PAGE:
The Earth is a very small stage in a vast cosmic arena. Think of the rivers of blood spilled by all those generals and emperors so that, in glory and triumph, they could become the momentary masters of a fraction of a dot. Think of the endless cruelties visited by the inhabitants of one corner of this pixel on the scarcely distinguishable inhabitants of some other corner, how frequent their misunderstandings, how eager they are to kill one another, how fervent their hatreds.
Our posturings, our imagined self-importance, the delusion that we have some privileged position in the Universe, are challenged by this point of pale light. Our planet is a lonely speck in the great enveloping cosmic dark. In our obscurity, in all this vastness, there is no hint that help will come from elsewhere to save us from ourselves.
The Earth is the only world known so far to harbor life. There is nowhere else, at least in the near future, to which our species could migrate. Visit, yes. Settle, not yet. Like it or not, for the moment the Earth is where we make our stand.
It has been said that astronomy is a humbling and character-building experience. There is perhaps no better demonstration of the folly of human conceits than this distant image of our tiny world. To me, it underscores our responsibility to deal more kindly with one another, and to preserve and cherish the pale blue dot, the only home we've ever known

Tiananmen Square, China, 1989.

"This image was taken in Sudan during the 1994 famine. 
That's a little girl, crawling slowly and painfully across the ground toward a food distribution center a kilometer away, while a vulture watches her and follows, waiting for her to die so it can eat her.
The photographer, Kevin Carter, chased the bird away and then sat sobbing uncontrollably after taking the photo. Three months later, he killed himself out of grief and desperation over the things he'd seen and his depression at the things humanity does to one another.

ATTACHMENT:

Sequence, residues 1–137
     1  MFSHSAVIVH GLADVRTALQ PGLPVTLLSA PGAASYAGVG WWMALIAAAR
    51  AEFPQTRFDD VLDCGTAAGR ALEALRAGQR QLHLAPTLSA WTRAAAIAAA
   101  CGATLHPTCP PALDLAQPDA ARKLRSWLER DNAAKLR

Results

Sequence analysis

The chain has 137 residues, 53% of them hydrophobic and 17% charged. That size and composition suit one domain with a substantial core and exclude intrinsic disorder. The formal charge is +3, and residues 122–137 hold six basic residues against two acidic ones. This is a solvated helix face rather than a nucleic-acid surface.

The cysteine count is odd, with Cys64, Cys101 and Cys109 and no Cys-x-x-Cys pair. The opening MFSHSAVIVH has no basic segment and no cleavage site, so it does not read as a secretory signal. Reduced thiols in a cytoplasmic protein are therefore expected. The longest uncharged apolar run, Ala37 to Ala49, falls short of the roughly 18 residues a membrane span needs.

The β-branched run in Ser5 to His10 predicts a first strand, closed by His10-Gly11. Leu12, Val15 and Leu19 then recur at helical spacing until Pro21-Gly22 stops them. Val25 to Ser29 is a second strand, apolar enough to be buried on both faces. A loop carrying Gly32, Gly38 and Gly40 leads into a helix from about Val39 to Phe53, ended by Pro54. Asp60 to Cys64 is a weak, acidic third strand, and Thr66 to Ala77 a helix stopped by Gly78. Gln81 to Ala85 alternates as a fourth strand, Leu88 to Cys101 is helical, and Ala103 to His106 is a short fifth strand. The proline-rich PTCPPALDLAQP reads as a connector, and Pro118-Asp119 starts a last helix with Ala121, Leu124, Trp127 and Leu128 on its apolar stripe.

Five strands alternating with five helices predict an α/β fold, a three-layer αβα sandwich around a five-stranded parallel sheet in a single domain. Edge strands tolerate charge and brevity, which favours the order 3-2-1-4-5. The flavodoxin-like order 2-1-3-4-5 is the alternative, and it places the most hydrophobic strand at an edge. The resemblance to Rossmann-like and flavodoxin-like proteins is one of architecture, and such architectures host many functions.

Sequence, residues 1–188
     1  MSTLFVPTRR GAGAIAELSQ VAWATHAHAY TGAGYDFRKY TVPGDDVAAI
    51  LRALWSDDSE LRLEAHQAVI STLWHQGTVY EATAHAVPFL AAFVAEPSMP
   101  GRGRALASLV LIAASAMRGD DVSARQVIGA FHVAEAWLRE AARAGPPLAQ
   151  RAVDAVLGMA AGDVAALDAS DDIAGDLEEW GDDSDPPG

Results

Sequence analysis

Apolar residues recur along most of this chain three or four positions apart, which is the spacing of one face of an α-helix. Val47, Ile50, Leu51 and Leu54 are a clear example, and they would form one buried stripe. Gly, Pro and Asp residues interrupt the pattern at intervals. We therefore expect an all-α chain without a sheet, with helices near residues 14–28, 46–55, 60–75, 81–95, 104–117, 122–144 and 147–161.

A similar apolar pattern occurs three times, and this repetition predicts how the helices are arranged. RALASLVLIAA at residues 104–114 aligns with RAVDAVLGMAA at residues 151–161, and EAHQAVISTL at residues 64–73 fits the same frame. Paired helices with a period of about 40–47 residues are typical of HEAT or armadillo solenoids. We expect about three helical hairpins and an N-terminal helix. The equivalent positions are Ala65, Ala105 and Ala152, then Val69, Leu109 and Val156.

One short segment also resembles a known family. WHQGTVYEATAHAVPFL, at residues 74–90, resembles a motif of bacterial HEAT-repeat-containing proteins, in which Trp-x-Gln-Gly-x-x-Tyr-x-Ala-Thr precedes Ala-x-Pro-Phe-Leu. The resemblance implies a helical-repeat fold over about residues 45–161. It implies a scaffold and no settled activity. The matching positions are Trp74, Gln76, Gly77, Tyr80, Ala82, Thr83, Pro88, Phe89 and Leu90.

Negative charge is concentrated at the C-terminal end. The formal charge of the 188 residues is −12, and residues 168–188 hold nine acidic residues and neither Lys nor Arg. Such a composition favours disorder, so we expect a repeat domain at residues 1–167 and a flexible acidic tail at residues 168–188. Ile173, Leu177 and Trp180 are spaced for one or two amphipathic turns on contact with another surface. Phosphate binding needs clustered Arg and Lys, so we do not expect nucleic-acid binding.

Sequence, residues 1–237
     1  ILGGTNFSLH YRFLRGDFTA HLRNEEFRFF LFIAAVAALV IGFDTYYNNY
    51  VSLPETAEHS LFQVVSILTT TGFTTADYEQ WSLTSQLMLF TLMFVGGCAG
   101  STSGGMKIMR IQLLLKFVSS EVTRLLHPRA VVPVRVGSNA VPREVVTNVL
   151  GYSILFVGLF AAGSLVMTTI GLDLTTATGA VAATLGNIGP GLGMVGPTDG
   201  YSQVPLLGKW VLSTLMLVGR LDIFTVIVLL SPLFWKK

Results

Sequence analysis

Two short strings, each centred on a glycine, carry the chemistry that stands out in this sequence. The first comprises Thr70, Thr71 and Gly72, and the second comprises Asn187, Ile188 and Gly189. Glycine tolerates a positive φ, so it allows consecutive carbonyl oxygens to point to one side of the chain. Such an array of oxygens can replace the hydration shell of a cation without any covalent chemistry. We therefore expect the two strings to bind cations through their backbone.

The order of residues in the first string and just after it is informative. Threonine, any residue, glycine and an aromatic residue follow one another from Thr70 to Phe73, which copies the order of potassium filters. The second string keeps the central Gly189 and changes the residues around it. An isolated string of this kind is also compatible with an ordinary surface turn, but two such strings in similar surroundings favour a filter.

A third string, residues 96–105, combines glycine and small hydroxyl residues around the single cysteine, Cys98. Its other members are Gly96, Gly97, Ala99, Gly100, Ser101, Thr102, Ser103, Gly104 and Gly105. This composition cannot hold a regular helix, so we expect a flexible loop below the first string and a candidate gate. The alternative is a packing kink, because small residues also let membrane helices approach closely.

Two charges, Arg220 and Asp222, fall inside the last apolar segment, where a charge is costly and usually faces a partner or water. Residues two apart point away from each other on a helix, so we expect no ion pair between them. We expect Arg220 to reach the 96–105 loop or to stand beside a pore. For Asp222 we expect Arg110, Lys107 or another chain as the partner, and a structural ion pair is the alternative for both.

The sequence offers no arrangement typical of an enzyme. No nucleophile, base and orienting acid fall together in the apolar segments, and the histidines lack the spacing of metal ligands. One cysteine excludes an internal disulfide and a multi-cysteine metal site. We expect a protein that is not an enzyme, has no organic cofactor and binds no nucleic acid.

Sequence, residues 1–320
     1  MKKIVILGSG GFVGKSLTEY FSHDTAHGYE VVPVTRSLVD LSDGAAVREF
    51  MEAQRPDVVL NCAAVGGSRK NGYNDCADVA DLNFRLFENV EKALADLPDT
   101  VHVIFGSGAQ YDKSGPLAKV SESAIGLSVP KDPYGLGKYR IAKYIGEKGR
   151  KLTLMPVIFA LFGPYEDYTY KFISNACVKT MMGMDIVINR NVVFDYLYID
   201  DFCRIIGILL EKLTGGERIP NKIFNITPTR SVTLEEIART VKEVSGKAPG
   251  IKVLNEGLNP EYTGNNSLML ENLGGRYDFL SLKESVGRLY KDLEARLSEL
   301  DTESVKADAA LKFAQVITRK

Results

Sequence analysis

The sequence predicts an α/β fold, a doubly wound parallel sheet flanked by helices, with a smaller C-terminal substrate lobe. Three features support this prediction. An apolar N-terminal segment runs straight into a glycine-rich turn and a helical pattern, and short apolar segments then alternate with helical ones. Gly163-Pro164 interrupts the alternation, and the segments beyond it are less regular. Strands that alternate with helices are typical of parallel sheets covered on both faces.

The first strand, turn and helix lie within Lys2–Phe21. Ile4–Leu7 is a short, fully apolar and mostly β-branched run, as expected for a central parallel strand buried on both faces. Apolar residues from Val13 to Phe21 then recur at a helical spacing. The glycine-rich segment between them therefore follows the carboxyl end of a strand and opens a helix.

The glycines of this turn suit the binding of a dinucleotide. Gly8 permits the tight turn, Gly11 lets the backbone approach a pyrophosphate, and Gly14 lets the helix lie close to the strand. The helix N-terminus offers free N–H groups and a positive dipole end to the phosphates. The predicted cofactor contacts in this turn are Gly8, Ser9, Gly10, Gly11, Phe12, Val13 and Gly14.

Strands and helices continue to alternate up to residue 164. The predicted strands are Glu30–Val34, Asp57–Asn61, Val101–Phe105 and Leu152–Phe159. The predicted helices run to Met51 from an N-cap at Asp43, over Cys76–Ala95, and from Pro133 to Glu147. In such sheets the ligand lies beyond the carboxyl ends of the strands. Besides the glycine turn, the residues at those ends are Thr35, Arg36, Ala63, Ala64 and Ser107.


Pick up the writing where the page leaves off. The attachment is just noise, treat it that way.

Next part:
This image explains something very basic and true about our world, and something we are very reluctant to admit: in order for some of us to have more food than we need, children have to starve to death and animals have to eat them. We purchase our excess with those children's lives. And this photo captured this truth purely and literally for us all to see."

School Integration Begins at Central High School in Little Rock, 1957.

Robert Capa's Death of a Loyalist, from the civil war in Spain, 1937.

Plane Hits Truck, Guatemala, 1976.  Courtesy: National Geographic.

Apollo 17.

Malboro ad.

Don Mc'Cullin: Shell-Shocked Soldier, Hue/Vietman, 1968.

Henri-Cartier Bresson's Behind the Gate St. Lazare.

source: Quora
Any quotes are taken from those who posted the images.  Many said it better than I ever could have myself, especially those whom you see quoted at length here.


  1. so which is the most epic photo? i think its the"pale blue dot". but that's just me with my ossesion with space and the fact that it is so unfathomably vast that it almost seems that even if the human race lives for another million years we could never explore the whole thing.